The Snakes Sleep: Attacks against the Media and Impunity in HondurasUpside Down World]
In Honduras, there is a particular quote by Uruguayan author Eduardo Galeano that has been adopted into the country’s rich lexicon of idioms: “Justice is like snakes. They only bite the barefoot.”
Of the thousands of human rights violations committed in Honduras since the coup in June 2009, in most cases the only serious investigations have been carried out by the grassroots organizations involved with the Human Rights Platform and the resistance movement. Very few charges have been laid against the human rights violators who ordered and carried out illegal detentions, kidnappings, beatings, torture, rape, and extrajudicial executions.
At the international level, however, there have recently been positive signals that spark the hope that justice may one day be served. Last week, the International Criminal Court announced that preliminary investigations are underway to determine whether or not the Court has jurisdiction over a case related to Honduras. Essentially, the Court is investigating whether or not war crimes and/or crimes against humanity have been committed in Honduras since the coup on June 28, 2009.
Also earlier this month, Honduras faced its Universal Periodic Review at the United Nations, a process that each UN member State undergoes every four years. Tellingly, Cuba, Venezuela and Bolivia did not attend because they do not recognize the government of Porfirio Lobo Sosa, who was elected President in November 2009 in highly controversial elections that many contend were simply the prolongation of the illegitimate rule of the civic and military authorities that coordinated the overthrow of democratically elected President Manuel Zelaya Rosales. Argentina, Brazil, Paraguay, Uruguay, El Salvador and Ecuador explicitly clarified that they do not recognize the government of Honduras, but intervened in the Review process nonetheless in order to support the human rights of the Honduran people.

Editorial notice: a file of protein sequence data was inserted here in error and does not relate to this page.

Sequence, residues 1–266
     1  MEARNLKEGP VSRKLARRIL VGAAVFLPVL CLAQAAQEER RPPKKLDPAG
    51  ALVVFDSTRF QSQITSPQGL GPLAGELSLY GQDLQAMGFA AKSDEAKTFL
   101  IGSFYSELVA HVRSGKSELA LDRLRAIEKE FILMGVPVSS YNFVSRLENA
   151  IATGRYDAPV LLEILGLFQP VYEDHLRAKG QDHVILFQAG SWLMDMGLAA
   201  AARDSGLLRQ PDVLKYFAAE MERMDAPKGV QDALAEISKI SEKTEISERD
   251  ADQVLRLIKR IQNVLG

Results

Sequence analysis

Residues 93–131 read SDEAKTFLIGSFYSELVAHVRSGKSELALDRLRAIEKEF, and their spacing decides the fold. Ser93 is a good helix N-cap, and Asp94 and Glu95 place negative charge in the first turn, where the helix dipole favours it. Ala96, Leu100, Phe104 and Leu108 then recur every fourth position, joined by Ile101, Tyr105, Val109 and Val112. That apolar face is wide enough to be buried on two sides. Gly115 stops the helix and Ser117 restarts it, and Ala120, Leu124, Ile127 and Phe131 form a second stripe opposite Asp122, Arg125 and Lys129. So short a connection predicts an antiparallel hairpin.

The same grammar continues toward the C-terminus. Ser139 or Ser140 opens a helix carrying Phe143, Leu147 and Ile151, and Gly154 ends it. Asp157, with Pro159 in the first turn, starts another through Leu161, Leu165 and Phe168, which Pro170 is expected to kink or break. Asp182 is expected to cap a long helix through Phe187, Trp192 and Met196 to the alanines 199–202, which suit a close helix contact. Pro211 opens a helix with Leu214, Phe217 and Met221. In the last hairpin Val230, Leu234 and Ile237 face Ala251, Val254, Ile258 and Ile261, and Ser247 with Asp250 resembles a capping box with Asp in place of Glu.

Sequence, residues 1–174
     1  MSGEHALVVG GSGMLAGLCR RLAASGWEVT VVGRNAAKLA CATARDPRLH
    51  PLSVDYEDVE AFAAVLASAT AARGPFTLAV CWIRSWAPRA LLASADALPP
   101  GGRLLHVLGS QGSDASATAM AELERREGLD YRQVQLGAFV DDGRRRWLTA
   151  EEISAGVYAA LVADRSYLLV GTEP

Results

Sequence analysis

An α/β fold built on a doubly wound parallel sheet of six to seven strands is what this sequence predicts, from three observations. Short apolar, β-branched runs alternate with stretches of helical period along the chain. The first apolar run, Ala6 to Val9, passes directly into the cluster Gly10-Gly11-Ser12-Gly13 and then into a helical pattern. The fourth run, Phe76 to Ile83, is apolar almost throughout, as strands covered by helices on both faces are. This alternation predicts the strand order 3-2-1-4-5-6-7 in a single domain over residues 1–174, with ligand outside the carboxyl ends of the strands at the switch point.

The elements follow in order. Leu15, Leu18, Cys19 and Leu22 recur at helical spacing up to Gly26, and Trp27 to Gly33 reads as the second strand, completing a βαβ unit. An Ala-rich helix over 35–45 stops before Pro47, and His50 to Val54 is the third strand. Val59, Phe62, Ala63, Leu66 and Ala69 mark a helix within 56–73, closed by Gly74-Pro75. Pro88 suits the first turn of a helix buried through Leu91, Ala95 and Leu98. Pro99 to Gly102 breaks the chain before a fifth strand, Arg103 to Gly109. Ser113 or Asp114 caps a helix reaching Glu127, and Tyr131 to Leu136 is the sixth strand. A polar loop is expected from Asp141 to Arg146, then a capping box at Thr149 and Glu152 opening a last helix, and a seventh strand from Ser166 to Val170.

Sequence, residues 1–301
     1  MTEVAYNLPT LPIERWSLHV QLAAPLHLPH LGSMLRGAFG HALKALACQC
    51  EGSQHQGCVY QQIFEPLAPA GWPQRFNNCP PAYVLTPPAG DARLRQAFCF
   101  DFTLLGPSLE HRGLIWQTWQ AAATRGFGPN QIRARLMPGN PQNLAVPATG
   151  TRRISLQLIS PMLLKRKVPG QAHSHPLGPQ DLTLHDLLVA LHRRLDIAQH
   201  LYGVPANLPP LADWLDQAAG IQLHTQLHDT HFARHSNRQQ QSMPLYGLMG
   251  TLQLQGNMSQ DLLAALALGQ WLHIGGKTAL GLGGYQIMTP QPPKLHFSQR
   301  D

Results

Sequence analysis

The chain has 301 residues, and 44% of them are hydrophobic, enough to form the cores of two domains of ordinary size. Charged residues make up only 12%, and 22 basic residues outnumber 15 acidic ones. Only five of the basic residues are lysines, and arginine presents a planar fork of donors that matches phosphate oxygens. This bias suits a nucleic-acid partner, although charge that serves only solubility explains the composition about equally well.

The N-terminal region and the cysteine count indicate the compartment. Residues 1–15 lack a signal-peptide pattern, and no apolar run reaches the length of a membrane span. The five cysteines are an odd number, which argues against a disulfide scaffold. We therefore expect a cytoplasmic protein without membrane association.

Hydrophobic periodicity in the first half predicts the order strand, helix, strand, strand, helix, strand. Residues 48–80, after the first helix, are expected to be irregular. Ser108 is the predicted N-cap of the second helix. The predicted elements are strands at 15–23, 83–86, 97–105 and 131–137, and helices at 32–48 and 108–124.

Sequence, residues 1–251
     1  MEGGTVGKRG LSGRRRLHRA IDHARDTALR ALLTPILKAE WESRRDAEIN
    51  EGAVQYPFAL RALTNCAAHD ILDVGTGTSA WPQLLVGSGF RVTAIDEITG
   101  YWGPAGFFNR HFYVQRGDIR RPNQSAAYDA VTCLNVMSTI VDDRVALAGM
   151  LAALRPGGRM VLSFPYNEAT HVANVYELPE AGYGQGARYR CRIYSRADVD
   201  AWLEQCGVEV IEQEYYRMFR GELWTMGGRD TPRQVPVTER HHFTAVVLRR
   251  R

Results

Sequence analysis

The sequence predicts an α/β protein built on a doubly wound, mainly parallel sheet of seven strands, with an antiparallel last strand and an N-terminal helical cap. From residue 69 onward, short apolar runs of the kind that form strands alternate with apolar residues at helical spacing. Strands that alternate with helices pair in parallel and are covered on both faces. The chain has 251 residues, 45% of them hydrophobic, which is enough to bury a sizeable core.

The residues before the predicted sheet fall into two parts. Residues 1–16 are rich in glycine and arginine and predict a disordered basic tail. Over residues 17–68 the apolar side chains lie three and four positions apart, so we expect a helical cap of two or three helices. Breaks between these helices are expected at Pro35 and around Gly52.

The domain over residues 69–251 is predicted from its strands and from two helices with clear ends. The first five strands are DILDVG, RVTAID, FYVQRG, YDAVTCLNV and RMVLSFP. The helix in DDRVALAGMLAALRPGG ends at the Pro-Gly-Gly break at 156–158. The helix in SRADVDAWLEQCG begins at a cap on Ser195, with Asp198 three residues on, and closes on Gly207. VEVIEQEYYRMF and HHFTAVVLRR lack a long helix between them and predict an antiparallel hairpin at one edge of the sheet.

At the Universal Periodic Review in Geneva, several concerns were voiced about the impunity surrounding human rights violations in general, and the murder of journalists in particular. Nine journalists have been murdered in Honduras in 2010 to date. According to the “Death Watch” compiled by the International Press Institute (IPI), Honduras is now the second most dangerous country for journalists, second only to Mexico. Prior to 2010, the countries with the most murders of journalists were mainly countries officially deemed to be in conflict, such as Iraq, Afghanistan, Pakistan, Sri Lanka, and Somalia. When the Honduran population of less than eight million is taken into account, the statistics are exponentially more serious.